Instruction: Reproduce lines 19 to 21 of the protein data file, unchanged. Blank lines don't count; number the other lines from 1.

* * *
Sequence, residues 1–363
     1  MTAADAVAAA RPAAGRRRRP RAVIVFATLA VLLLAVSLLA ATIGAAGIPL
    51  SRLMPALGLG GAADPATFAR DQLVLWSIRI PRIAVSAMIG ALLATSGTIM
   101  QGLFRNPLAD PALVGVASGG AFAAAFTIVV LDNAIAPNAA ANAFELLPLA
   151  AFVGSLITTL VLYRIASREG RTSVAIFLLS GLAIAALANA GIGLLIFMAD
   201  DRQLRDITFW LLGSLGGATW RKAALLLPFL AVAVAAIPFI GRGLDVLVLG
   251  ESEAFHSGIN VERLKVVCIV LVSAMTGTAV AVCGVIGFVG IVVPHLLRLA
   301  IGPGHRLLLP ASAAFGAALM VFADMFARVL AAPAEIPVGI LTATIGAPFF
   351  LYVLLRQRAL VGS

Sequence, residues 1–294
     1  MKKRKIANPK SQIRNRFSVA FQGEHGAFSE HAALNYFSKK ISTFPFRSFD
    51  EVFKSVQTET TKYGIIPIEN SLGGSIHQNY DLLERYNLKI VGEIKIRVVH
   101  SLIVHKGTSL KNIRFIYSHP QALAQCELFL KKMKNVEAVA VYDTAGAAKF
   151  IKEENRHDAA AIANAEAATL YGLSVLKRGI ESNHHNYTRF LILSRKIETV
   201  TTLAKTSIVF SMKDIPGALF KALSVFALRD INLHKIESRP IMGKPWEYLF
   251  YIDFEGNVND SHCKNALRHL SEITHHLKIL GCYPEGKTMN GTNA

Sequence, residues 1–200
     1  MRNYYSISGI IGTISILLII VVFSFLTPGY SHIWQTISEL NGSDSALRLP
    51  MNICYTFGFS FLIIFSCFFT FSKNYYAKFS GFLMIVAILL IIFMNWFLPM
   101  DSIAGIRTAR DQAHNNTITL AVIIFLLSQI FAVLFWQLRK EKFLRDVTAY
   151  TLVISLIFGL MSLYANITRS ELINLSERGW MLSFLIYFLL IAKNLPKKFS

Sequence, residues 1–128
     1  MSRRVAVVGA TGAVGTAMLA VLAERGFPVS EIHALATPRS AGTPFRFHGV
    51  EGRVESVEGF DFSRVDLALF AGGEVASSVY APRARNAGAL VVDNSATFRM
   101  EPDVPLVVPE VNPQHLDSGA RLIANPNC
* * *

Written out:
    51  MNICYTFGFS FLIIFSCFFT FSKNYYAKFS GFLMIVAILL IIFMNWFLPM
   101  DSIAGIRTAR DQAHNNTITL AVIIFLLSQI FAVLFWQLRK EKFLRDVTAY
   151  TLVISLIFGL MSLYANITRS ELINLSERGW MLSFLIYFLL IAKNLPKKFS